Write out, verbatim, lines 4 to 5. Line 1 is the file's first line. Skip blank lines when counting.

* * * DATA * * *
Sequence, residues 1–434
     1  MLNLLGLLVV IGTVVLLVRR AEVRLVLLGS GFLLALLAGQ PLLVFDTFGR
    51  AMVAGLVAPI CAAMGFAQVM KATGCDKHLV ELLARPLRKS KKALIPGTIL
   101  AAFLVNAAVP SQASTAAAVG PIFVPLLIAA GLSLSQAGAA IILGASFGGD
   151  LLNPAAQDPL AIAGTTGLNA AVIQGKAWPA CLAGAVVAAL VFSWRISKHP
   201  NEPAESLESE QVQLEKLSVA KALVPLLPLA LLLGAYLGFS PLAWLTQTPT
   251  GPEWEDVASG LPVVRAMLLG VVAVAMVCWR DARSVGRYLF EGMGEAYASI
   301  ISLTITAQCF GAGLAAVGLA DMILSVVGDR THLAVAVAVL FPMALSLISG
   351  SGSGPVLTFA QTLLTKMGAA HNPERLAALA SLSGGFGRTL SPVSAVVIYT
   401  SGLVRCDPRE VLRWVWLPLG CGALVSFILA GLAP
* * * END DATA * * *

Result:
   101  AAFLVNAAVP SQASTAAAVG PIFVPLLIAA GLSLSQAGAA IILGASFGGD
   151  LLNPAAQDPL AIAGTTGLNA AVIQGKAWPA CLAGAVVAAL VFSWRISKHP